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Plant Physiol. 2017 Dec;175(4):1839-1852. doi: 10.1104/pp.17.01152. Epub 2017 Oct 25.

Phosphorylation of Arabidopsis MAP Kinase Phosphatase 1 (MKP1) Is Required for PAMP Responses and Resistance against Bacteria.

Author information

1
Department of Biochemistry, University of Missouri, Columbia, Missouri 65211.
2
Christopher S. Bond Life Sciences Center, University of Missouri, Columbia, Missouri 65211.
3
Interdisciplinary Plant Group, University of Missouri, Columbia, Missouri 65211.
4
Department of Botany and Plant Biology, University of Geneva, CH1211 Geneva, Switzerland.
5
Department of Biochemistry, University of Missouri, Columbia, Missouri 65211 pecks@missouri.edu.

Abstract

Plants perceive potential pathogens via the recognition of pathogen-associated molecular patterns (PAMPs) by surface-localized pattern recognition receptors, which initiates a series of intracellular responses that ultimately limit bacterial growth. PAMP responses include changes in intracellular protein phosphorylation, including the activation of mitogen-activated protein kinase (MAPK) cascades. MAP kinase phosphatases (MKPs), such as Arabidopsis (Arabidopsis thaliana) MKP1, are important negative regulators of MAPKs and play a crucial role in controlling the intensity and duration of MAPK activation during innate immune signaling. As such, the mkp1 mutant lacking MKP1 displays enhanced PAMP responses and resistance against the virulent bacterium Pseudomonas syringae pv tomato DC3000. Previous in vitro studies showed that MKP1 can be phosphorylated and activated by MPK6, suggesting that phosphorylation may be an important mechanism for regulating MKP1. We found that MKP1 was phosphorylated during PAMP elicitation and that phosphorylation stabilized the protein, resulting in protein accumulation after elicitation. MKP1 also can be stabilized by the proteasome inhibitor MG132, suggesting that MKP1 is constitutively degraded through the proteasome in the resting state. In addition, we investigated the role of MKP1 posttranslational regulation in plant defense by testing whether phenotypes of the mkp1 Arabidopsis mutant could be complemented by expressing phosphorylation site mutations of MKP1. The phosphorylation of MKP1 was found to be required for some, but not all, of MKP1's functions in PAMP responses and defense against bacteria. Together, our results provide insight into the roles of phosphorylation in the regulation of MKP1 during PAMP signaling and resistance to bacteria.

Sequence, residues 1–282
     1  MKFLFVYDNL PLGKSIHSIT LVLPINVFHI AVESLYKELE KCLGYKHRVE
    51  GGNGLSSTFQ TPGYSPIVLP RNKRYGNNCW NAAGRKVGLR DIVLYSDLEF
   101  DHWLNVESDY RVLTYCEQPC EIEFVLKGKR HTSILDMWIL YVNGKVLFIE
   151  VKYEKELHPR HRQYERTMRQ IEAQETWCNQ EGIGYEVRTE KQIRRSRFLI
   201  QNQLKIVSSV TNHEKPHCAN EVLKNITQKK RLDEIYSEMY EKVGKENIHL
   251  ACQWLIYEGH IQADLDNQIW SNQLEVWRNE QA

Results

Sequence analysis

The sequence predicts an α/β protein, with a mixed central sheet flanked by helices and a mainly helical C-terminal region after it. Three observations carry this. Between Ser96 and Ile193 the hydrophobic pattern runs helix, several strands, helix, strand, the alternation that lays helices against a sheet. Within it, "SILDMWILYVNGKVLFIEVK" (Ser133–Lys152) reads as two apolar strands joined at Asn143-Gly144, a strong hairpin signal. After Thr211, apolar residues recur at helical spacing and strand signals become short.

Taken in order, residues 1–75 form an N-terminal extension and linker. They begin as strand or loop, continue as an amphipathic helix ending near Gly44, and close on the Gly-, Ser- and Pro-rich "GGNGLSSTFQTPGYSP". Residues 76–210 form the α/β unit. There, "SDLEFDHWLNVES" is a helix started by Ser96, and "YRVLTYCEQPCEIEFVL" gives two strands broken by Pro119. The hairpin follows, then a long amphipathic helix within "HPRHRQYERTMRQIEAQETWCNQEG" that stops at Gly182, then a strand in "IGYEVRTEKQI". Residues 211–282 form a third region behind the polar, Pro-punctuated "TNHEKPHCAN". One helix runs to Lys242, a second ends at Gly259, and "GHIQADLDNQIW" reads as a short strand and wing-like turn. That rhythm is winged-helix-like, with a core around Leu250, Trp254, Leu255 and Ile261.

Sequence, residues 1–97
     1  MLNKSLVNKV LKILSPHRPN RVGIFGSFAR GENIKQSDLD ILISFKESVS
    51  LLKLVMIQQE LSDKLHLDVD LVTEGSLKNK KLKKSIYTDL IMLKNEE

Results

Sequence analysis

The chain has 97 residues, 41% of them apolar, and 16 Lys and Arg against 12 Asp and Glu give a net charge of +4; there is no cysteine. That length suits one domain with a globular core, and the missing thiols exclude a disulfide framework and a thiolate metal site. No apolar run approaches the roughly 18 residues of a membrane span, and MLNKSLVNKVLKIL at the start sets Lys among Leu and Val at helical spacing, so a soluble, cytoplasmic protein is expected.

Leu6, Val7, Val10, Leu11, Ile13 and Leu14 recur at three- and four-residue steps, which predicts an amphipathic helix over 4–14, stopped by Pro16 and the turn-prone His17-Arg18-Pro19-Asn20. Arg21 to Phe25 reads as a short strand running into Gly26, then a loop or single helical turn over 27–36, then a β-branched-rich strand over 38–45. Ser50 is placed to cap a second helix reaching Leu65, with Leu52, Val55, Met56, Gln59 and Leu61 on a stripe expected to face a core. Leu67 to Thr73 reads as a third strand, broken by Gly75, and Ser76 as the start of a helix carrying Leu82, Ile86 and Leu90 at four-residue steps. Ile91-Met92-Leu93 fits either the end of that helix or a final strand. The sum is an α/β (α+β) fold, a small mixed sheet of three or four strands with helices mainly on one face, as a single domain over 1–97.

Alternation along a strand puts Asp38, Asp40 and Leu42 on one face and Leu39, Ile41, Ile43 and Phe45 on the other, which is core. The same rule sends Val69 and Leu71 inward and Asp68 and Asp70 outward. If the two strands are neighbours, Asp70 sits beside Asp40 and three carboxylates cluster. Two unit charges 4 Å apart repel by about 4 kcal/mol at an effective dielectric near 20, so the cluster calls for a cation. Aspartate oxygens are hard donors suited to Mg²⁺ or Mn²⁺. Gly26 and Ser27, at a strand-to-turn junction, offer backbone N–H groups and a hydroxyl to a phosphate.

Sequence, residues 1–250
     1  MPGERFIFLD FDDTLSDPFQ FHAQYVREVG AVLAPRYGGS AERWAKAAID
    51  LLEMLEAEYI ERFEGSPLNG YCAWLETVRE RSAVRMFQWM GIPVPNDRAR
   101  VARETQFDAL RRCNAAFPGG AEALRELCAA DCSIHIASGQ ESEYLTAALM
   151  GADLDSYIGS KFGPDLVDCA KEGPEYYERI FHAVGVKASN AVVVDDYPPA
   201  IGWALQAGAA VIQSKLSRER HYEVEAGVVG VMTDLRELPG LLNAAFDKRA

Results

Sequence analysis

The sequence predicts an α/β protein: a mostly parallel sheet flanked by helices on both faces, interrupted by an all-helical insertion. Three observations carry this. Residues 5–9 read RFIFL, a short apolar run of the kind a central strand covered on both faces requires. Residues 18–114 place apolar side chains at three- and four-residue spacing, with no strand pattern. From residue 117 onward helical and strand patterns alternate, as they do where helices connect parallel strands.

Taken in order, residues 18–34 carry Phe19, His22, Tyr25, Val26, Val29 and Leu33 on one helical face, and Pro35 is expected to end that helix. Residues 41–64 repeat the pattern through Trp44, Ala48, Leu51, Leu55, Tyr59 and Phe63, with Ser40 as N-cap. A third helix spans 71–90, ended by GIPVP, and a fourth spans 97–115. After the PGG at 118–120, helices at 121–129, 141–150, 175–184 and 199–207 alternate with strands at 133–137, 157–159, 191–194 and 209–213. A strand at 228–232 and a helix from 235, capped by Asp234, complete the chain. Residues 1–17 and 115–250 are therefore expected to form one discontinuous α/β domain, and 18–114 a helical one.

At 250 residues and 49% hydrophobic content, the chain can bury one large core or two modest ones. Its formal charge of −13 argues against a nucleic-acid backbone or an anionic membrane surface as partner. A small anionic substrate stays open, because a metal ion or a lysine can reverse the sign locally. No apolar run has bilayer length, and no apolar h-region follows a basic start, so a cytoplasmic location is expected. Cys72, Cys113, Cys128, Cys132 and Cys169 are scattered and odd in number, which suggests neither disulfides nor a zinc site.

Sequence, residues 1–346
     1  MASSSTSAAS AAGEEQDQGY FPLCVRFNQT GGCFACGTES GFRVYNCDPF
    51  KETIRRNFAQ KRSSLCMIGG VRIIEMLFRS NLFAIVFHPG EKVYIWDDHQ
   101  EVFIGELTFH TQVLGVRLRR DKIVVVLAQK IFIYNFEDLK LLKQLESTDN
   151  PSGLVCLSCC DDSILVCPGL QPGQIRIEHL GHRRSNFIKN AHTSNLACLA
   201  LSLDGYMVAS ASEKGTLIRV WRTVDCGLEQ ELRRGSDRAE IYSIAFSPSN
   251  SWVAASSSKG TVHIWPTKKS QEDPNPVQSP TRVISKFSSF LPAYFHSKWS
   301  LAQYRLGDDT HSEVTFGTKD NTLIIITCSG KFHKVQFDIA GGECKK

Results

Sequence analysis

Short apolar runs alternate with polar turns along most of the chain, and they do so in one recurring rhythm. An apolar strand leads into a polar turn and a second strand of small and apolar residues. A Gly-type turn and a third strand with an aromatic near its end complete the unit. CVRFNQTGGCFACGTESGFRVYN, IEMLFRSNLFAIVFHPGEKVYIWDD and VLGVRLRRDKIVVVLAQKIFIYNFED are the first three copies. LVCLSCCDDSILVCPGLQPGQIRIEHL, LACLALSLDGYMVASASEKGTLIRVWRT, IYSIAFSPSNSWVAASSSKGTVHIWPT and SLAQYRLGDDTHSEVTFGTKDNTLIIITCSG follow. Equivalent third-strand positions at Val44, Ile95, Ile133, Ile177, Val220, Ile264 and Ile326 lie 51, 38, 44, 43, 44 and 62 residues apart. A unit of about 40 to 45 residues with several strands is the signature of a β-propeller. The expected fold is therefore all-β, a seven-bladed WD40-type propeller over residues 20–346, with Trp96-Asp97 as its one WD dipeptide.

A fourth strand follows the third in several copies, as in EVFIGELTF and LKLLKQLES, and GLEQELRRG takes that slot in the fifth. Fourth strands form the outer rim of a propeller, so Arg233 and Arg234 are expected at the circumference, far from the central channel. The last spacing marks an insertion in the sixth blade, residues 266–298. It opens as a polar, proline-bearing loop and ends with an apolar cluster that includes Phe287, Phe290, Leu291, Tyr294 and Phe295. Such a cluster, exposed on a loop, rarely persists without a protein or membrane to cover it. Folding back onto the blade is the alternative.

PMID:
29070514
PMCID:
PMC5717735
DOI:
10.1104/pp.17.01152
[Indexed for MEDLINE]
Free PMC Article

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